No One Is Buying Consumer Reports’ Favorite Truck

Critics love the Honda Ridgeline; it swept both Consumer Reports’ and Edmunds’ rankings. But some quarters’ sales data puts the Honda Ridgeline in last place. What gives? While the Ridgeline may be a marvel of modern engineering, it obviously doesn’t light up the majority of truck buyers.

Why critics love the Honda Ridgeline

Honda’s Ridgeline is a compact pickup truck with lightweight unibody construction, standard AWD, and independent rear suspension. It holds the road like a car and boasts Honda reliability.

The Ridgeline earned “number one midsize truck” from Edmunds. Edmunds added that the “Spacious crew cab is comfortable and handsomely finished.” The publication also swooned over the “versatile two-way tailgate and large lockable in-bed trunk.”

Honda’s Ridgeline won “top-rated pickup truck overall” from Consumer Reports. Consumer Reports went one step further, labeling the Ridgeline a “smart truck,” and concluding that “Honda has evolved the concept of the pickup.” Here’s what else Consumer Reports said:

“Clearly, it is the right truck for those who are honest about their true needs and aren’t afraid of thinking outside the box.”

Consumer Reports

If the Ridgeline is the perfect truck for buyers who are “honest about their true needs,” it should be selling like hotcakes, right? Wrong. Honda Ridgeline sales only account for a fraction of the truck market.

Ridgeline sales numbers don’t match critics’ praise

Dog sitting in the bed of a Honda Ridgeline pickup truck.
Dog in a pickup truck bed | Guilherme Stecanella via Unsplash

According to the Car Figures site, Ford has sold over 700,000 F-series trucks in the U.S., every year since 2005. In the same timeframe, General Motors has sold over 12 million full-size trucks and Ram has sold over six million pickups. In the mid-size market, Toyota has sold over three million Tacomas, and General Motors has sold over 1.5 million Colorados/Canyons.

Since 2005, Honda has only sold 454,642 Ridegelines–total.

So how did the reviewers at Consumer Reports and Edmunds get so out of sync with the majority of consumers?

The Honda Ridgeline doesn’t spark joy

White Honda Ridgeline driving down a road in the desert.
2021 Ridgeline Sport (HPD) | Honda

Firstly, a truck for those who are “honest about their truck needs” may not exist. Most any driver “honest about their true needs” could probably buy a crossover SUV and a small utility trailer to get their “truck” jobs done. Buying a pickup truck is usually an emotional decision. (Folks in the trades, of course, are the major exception).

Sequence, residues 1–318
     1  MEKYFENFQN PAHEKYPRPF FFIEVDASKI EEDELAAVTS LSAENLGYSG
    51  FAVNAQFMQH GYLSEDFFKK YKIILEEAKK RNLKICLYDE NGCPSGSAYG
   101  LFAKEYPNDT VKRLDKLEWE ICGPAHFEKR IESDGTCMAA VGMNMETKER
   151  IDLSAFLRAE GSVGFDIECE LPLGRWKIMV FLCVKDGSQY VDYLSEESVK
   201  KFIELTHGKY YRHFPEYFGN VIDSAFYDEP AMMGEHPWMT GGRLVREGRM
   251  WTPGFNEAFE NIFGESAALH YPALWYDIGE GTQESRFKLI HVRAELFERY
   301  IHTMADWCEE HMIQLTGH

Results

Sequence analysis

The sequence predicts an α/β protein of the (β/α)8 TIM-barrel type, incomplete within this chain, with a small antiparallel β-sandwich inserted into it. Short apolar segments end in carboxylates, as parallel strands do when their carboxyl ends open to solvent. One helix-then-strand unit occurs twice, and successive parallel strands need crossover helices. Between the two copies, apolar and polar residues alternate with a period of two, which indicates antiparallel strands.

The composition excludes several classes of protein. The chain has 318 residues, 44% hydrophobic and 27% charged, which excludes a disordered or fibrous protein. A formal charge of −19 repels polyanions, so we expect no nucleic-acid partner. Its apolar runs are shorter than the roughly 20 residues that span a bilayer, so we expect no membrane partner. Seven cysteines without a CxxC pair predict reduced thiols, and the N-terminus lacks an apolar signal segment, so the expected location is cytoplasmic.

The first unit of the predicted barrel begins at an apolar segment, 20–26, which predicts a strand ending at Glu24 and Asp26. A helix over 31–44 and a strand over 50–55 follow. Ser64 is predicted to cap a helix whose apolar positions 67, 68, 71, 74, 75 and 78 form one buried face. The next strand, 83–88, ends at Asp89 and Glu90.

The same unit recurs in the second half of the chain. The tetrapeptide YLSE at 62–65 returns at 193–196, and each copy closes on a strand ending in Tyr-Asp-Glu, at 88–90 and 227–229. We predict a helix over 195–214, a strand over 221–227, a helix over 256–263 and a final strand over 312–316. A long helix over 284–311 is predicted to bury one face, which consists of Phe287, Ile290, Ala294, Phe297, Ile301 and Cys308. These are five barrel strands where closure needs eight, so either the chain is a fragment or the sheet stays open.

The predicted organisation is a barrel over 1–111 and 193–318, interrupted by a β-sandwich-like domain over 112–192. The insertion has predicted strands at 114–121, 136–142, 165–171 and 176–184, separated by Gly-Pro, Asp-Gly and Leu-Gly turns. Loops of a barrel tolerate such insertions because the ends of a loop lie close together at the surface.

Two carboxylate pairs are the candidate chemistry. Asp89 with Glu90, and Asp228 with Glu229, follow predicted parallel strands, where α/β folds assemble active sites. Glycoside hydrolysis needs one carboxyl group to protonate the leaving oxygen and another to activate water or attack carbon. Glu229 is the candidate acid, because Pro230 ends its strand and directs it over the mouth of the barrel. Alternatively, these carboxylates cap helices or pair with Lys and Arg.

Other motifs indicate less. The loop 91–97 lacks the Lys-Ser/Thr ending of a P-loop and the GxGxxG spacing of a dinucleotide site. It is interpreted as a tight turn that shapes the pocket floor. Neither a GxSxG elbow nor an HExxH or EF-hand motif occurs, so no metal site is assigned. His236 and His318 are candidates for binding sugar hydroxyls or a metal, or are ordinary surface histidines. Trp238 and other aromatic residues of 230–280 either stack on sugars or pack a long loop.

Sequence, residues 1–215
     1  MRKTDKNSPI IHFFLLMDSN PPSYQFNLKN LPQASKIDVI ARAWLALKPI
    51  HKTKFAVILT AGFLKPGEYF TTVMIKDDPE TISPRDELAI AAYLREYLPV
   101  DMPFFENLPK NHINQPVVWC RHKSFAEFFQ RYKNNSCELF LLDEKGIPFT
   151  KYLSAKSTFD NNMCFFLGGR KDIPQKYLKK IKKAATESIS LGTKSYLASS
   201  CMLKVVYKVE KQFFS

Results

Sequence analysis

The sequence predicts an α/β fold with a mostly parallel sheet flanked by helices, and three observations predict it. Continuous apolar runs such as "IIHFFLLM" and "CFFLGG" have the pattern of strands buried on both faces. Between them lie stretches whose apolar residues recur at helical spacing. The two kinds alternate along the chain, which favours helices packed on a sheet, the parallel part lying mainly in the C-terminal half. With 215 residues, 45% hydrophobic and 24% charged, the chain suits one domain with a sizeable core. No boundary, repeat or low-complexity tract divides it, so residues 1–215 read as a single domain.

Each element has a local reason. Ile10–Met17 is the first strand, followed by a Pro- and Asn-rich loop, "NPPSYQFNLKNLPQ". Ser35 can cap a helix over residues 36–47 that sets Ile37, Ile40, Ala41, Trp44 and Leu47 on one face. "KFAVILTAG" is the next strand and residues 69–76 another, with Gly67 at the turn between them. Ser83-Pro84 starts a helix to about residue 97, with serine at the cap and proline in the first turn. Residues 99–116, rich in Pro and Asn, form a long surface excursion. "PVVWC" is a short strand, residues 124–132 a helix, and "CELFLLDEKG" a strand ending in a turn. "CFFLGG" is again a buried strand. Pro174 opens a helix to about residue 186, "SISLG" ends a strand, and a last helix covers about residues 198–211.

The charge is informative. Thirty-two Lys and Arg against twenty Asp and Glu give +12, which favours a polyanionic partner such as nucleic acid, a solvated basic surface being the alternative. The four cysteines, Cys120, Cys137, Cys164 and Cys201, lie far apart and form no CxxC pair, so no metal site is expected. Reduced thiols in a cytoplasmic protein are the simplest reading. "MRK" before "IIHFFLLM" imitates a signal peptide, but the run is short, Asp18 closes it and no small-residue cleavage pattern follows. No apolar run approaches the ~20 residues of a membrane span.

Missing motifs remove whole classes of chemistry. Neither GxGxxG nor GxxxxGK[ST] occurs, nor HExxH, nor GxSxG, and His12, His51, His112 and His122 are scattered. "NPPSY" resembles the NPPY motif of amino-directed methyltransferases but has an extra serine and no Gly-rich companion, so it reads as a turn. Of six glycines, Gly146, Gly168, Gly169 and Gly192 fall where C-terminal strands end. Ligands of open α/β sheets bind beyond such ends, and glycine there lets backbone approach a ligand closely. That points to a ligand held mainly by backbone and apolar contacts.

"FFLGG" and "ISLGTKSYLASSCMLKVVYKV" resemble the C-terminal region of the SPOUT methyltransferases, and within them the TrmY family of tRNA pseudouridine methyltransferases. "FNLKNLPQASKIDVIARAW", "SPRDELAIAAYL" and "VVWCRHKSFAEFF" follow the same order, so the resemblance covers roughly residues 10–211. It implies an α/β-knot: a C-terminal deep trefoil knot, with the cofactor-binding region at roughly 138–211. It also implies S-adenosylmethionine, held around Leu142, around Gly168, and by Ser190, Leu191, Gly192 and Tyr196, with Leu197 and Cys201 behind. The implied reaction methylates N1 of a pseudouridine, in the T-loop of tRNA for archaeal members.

The Ridgeline’s towing and payload capacity lags far behind body-on-frame trucks, it lacks ground clearance and isn’t available with a rumbling V8. Sure, it can do some suburban truck things: picking up mulch in the spring or tailgating at a game.

But from a sales perspective, the most important thing a truck does is make you look back at it and smile every time you park it and walk away. Despite all the Honda Ridgeline‘s clever design, its sales numbers say it doesn’t spark this kind of joy.

How did automotive criticism miss the mark?

Honda Ridgeline pickup truck loaded with a roof rack and motorcycle.
2021 Ridgeline Sport (HPD) | Honda

If Consumer Reports’ and Edmunds’ number one pickup truck was number two in sales, you could say they are in touch with consumers. But ranking the last-place truck as number one is an indicator of a serious disconnect. So what went wrong?

These publications rank every new vehicle in many helpful categories. These often include acceleration, handling, comfort/convenience, fuel economy, cargo capacity, and crash protection. And it’s incredibly valuable for potential car buyers to see ratings broken down in this way.

Consumer Reports and Edmunds then create an overall score, and even a ranking, based on a compilation of these scores. And this is where a problem arises: this system punishes purpose-built vehicles and rewards the multi-tools out there.

For example, the Ridgeline may just get an average rating in cargo, handling, and fuel economy. But it ends up with a higher overall score than a heavy-duty truck that excels at cargo and sacrifices both handling and fuel economy to do so.

To be blunt, no vehicle “excels” at everything. The ones that try end up being bland in every way. I hope these misleading rankings aren’t influencing the industry to build more DVD/VCR players that do everything poorly.

If you plan to buy a new vehicle, you shouldn’t settle for “average” ratings across the board–whatever car reviews are telling you. If you want incredible payload capacity and trailering, get a truck. If you want gnarly off-roading, buy a 4×4 SUV. And if you long for handling, look into a sportscar.

Curious about what else car critics get wrong? Read why Jeep Wrangler reviews are misleading.

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